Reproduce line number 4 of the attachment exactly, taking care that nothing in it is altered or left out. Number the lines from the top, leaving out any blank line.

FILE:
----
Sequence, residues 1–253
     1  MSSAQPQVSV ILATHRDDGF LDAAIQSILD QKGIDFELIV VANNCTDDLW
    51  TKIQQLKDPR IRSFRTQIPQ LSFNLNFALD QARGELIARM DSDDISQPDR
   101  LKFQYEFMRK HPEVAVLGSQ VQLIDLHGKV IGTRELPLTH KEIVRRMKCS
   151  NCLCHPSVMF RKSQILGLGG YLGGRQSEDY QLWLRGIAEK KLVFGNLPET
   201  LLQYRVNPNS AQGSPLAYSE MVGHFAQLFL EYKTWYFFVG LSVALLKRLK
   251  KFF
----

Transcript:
   101  LKFQYEFMRK HPEVAVLGSQ VQLIDLHGKV IGTRELPLTH KEIVRRMKCS